Law School Admissions / Re:Low LSAT Very High GPA What Can I do?
« on: November 19, 2003, 09:40:54 AM »
NYLawStudent: I commend you for your determination, and I understand that you will try no matter what life places before you. I do wish you the best of luck where ever you may choose to go and whatever you choose to do. Perhaps I failed to include a bit of wishful-hoping in my last post, and I apologize for such. Here's a what a professor of mine from Case Western Reserve University said when I asked her if there was really room for another lawyer, "There is always room for a good lawyer." Remember that, if that's the only thing you take from what I have to say.

Dradic: I was tough for a reason (besides the fact that it simply comes naturally). Law school is going to be tough. The legal field, in general, is tough. NYLawStudent had better start getting used to it.  The LSAT cannot definitely determine one's success in law school, but it does a pretty good job of doing so. This quote was taken from LSAC's website, "The test is designed to measure skills that are considered essential for success in law school." (emphasis is mine)

Aitch: I never said that those who go to third tier schools would end up as ambulance-chasers, I said that those lacking the necessary skills become useless members of the legal field. I certainly hope that she gets into the school of her choice, she wins several history-making cases, and proves me wrong. Also, you need to consider that Intellectual Property lawyers are in HIGH demand and that their salaries tend to be much higher than the rest.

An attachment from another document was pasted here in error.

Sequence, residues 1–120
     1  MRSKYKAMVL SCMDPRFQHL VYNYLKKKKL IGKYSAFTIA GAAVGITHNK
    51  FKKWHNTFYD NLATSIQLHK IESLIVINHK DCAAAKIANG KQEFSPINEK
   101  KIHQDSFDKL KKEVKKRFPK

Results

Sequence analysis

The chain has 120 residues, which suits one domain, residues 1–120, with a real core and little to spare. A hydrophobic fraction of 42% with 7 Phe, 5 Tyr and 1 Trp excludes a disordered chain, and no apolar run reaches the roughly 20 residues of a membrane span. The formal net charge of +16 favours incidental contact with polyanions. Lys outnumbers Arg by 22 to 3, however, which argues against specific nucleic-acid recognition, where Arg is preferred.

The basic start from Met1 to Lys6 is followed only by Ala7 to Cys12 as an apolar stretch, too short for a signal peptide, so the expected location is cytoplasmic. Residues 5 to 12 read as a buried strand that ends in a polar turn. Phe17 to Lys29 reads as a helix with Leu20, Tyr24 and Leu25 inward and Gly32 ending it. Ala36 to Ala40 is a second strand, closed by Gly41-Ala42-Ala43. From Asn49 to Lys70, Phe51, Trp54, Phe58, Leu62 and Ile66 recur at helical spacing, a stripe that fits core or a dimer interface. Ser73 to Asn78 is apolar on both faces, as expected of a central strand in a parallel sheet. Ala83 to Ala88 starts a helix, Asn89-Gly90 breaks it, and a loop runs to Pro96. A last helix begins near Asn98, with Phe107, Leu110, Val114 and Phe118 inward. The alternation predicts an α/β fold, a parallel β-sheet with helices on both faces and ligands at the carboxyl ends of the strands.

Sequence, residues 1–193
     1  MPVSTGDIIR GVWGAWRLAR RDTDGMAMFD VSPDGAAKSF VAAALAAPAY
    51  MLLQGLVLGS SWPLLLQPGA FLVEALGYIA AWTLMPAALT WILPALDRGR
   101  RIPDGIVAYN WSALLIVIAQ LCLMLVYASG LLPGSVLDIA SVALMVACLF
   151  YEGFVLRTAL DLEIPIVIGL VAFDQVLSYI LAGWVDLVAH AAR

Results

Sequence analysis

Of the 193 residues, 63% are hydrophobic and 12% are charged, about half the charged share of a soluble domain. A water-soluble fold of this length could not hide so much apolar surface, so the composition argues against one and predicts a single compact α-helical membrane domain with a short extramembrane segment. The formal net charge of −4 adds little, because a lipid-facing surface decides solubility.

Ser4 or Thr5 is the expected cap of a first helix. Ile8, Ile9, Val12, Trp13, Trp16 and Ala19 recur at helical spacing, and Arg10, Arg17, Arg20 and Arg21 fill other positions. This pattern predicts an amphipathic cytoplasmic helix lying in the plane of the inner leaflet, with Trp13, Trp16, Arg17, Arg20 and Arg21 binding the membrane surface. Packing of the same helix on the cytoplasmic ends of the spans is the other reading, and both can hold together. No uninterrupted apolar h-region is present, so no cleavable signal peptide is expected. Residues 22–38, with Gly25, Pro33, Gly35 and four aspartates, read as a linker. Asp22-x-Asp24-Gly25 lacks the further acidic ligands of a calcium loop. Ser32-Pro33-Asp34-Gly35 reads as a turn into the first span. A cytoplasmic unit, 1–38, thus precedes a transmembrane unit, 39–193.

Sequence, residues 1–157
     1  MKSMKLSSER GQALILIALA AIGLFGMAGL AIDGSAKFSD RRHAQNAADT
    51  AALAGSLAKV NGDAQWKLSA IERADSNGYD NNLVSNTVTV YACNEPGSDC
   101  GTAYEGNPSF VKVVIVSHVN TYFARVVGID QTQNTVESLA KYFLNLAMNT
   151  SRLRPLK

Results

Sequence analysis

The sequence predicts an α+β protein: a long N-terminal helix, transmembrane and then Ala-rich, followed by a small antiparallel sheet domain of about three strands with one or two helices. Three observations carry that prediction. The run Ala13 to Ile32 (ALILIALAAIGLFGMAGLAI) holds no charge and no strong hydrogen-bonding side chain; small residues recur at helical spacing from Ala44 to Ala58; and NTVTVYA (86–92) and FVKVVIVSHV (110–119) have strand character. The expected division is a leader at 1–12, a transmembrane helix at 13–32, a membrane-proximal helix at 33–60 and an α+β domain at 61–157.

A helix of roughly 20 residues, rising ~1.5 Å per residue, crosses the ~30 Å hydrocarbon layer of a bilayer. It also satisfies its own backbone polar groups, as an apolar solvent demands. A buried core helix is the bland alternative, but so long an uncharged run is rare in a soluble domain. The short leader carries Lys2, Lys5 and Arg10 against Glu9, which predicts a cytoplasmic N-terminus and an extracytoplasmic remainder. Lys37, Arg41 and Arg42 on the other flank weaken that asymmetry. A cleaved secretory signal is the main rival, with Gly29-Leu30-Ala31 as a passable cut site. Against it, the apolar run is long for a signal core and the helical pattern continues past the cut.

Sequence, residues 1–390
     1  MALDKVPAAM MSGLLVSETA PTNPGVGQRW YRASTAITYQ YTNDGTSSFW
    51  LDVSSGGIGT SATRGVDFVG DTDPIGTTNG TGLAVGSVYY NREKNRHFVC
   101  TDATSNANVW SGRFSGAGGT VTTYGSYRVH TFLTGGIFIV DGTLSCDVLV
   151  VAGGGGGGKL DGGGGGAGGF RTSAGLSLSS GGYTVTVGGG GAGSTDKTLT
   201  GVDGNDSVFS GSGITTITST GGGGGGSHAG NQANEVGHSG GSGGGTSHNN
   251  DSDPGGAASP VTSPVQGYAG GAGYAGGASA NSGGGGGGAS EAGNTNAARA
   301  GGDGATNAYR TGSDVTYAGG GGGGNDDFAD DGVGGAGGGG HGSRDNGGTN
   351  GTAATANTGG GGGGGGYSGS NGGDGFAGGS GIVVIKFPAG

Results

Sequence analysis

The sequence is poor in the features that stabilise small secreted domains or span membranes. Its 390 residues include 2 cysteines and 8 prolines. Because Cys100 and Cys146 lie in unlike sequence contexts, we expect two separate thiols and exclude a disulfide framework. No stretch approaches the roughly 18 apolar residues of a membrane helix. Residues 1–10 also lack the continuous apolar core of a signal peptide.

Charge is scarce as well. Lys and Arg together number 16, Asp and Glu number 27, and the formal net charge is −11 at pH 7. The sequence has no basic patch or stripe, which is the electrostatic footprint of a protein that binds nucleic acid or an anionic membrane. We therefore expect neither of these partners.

Ivy_Hopeful: See quote from LSAC above.

GVP: I am certainly not saying that Ivy League means guaranteed success. But if you plan to work at a large, prestigious law firm in New York, you had better have Ivy on your resume. Don't believe me? Check out the profiles of some of the most prestigious law firms from the web. You will see very few partners/attorneys from below a top tier school unless they have something extraordinary on their resume or they have some (unspoken) connection to the firm. Also, big firms spend a lot of time recruiting from the top schools. Clients don't want a lawyer from No-Name University (remember, in the courts it's a battle of who has the better lawyer ;) ). Ivy League schools are Ivy League schools for a reason (besides the fact that they are in the same sports league…yes, that’s where the name originally came from).

They do not suffer as badly from grade inflation (key-phrase: as badly, there is a bit of grade inflation even there) and have proven repeatedly that they are on top for a reason. You have a better chance at employment (not to say that you can’t completely blow your chances as well) if you have a prestigious name on your bill. Take a look at the statistics for employment at graduation for 2002 graduates (provided by the school): Harvard 98.9%, Yale 98.5%, New York University 98.1%, Stanford 98.9%, Columbia 98.9%. Want to know the expected median starting salary? Harvard $91,301, Yale $ 94,050, New York University $100,000; Stanford $94,200; Columbia $96,000. Of course, with these salaries, you need to remember that the price of living in some areas is higher than others. In Cleveland, making $100,000 is equivalent to making $800,000 in New York City. It’s even worse in the Silicon Valley where people making $70,000 are showing up in homeless shelters because it’s too expensive to live there.

Alright, I’m done.